AI and the Manufacturing Industry

Jul 19, 2016

AI is having quite a moment, as buzzwords go. The Economist recently devoted a front-page to artificial intelligence.

Betting on the Future

Every day we read of evolving tech companies like Alphabet (Google) and Microsoft, staking their futures on AI. The face of software engineering is changing to proficiency in machine learning - essentially another term for artificial intelligence, though some of the definitions will be explored in other posts. Victor Basta of Magister Advisors explains, "A good AI engineer is worth more than many company CEOs right now."

Previously, algorithms had to be adjusted. Now, they are able to learn and adjust themselves. Inspired by the neural networks of the human brain, deep mathematical models called neural nets are learning discrete tasks. They do this, in part, by analyzing vast quantities of data. And if AI is a buzzword, data is right up there too.

Data Everywhere

AI for the general public, whether they know it or not, is found for example, in serving them their newsfeeds. It is the driving force behind face recognition, itself a form of AI, in photos posted online. It comes to the fore in computer translation and is at the core of spoken command responses on our devices. The most talked-about example of AI-enhanced ubiquitous tech in recent days is Pokemon GO, which makes use of augmented reality.

AI is at the heart of these everyday phenomena that everyone experiences, right through to Elon Musk musing on neural laces for human brains. To reference Musk again, ‘we are input-/output-bound.’ Yet there is this vast quantity of data, flowing around the world and being stored in the cloud.

Data is basically information and ‘the one who controls the information has the power.’ So says our team member, Simon Drexler, a thought leader in self-driving technology and artificial intelligence for logistics and distribution. We're working to pioneer new capabilities in material handling and so, we've risen to the challenge of Industry 4.0: integrating material flow infrastructure and implementing wireless network capabilities. And, as Simon points out, “These wifi capabilities in turn provide a gap for new businesses - those that disrupt.”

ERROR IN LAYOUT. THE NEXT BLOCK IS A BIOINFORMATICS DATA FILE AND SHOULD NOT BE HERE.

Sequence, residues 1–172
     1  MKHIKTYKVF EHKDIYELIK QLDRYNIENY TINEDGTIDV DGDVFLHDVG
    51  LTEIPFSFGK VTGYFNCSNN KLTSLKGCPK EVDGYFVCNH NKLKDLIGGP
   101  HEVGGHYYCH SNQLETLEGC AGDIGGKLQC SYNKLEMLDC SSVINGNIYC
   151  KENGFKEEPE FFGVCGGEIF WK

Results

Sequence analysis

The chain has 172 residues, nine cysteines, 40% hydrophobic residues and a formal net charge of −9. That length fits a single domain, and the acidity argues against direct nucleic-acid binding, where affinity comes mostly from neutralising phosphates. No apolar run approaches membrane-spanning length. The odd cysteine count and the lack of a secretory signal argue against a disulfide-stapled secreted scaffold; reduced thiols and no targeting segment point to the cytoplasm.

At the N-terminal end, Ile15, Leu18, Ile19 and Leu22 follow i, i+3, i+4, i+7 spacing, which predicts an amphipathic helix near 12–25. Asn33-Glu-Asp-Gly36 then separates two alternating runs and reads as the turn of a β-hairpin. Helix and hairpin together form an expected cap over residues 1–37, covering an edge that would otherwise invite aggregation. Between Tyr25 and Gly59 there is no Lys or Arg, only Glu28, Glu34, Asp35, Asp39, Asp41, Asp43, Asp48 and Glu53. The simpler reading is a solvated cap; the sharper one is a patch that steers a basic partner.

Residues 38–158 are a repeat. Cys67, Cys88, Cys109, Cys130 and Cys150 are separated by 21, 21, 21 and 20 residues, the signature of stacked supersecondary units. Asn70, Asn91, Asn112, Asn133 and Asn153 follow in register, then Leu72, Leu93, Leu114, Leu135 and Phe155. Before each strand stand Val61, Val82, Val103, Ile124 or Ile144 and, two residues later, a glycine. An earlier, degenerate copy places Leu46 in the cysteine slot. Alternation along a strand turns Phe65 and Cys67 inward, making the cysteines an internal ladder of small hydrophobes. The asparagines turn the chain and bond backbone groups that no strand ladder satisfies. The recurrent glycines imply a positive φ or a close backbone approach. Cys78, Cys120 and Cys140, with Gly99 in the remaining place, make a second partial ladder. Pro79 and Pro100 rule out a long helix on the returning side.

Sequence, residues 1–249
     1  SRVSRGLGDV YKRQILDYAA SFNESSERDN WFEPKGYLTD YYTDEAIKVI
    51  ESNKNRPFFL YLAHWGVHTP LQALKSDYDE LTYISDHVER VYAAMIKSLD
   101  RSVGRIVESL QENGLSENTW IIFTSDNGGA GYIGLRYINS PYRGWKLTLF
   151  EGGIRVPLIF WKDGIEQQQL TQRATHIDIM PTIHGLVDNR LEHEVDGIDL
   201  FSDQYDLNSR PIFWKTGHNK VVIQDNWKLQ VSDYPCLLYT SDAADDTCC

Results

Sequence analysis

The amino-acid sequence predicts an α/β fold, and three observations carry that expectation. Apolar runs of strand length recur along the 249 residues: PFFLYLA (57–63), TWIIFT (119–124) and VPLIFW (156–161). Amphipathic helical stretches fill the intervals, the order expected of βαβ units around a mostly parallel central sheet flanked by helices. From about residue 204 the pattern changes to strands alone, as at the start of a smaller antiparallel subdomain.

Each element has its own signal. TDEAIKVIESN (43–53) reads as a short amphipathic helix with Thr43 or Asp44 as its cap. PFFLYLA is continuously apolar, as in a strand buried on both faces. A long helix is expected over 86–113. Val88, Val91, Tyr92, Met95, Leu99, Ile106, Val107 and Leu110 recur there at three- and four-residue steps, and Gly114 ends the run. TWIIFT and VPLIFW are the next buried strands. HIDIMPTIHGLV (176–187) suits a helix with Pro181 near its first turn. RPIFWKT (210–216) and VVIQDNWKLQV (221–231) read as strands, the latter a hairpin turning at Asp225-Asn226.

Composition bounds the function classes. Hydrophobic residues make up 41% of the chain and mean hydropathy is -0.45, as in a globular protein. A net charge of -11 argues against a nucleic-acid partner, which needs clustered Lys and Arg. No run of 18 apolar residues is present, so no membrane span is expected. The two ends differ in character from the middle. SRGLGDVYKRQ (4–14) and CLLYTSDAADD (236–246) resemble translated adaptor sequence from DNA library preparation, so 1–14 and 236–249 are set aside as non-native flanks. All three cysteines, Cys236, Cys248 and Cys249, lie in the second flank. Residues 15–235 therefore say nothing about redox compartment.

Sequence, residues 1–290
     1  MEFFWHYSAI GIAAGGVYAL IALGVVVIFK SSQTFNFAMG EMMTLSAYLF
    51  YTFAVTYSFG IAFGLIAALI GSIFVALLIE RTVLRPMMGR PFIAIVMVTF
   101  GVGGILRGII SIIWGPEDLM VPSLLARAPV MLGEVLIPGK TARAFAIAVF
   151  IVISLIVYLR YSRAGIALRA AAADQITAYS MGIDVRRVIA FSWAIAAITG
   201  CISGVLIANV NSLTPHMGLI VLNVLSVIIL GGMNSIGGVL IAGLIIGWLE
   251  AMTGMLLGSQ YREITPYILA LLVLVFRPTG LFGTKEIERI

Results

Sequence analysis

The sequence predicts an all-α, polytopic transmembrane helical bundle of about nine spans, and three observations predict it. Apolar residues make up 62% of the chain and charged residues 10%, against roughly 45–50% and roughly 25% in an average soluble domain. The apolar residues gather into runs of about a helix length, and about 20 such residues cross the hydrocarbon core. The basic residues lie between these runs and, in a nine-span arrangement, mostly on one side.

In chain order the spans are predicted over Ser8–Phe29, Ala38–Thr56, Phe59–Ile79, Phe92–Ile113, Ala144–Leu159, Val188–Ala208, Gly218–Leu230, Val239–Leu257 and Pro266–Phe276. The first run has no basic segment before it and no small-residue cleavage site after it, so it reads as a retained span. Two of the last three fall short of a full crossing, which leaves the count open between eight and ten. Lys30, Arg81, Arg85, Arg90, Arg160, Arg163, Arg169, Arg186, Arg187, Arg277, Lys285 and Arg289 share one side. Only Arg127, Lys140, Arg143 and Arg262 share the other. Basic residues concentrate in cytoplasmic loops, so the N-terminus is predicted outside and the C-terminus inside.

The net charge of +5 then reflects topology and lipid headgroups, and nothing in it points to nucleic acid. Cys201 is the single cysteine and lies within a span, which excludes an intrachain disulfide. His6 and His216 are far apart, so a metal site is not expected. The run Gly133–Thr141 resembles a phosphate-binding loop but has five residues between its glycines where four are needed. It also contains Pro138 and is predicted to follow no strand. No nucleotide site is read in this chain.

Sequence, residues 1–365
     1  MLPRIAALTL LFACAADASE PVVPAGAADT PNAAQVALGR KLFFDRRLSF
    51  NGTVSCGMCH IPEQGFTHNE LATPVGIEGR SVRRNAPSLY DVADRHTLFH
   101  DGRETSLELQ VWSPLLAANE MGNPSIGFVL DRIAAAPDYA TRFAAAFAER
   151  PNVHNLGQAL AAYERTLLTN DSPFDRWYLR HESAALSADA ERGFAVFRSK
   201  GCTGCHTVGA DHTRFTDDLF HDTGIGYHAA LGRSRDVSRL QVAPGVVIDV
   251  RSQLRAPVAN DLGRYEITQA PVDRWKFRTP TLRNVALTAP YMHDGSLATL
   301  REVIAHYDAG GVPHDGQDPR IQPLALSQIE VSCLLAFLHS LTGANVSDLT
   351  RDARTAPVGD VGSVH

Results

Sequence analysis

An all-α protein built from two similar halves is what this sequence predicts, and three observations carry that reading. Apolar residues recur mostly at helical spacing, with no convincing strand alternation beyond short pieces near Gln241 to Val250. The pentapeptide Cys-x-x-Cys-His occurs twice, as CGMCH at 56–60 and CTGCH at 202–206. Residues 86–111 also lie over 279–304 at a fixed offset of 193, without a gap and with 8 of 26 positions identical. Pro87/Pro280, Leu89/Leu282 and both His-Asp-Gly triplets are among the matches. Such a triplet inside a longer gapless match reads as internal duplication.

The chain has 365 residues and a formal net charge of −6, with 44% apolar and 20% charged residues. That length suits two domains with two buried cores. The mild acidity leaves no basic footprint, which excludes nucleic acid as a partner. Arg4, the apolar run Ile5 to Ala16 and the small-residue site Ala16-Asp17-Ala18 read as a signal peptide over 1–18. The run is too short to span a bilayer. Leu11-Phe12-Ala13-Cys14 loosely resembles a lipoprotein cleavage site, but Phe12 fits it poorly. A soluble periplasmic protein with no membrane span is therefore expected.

Vehicles for Industry 4.0

What does AI mean for the manufacturing industry? Material flow is at the heart of the AI-powered factory of the future, taking shape here in the midst of Industry 4.0. And to provide new opportunities within material flow processes, self-driving vehicles are being leveraged. These vehicles offer intelligence, provided by new waves of technology, that enable lean and accurate means of material handling. The OTTO line of self-driving vehicles does just that. The net-net of this automation by means of indoor self-driving transport? Efficiency. AI is literally the vehicle of the transition to Industry 4.0.

See how OTTO Motors, the brainchild of Clearpath, leverages AI to eliminate the transport problem and bring about lean manufacturing.

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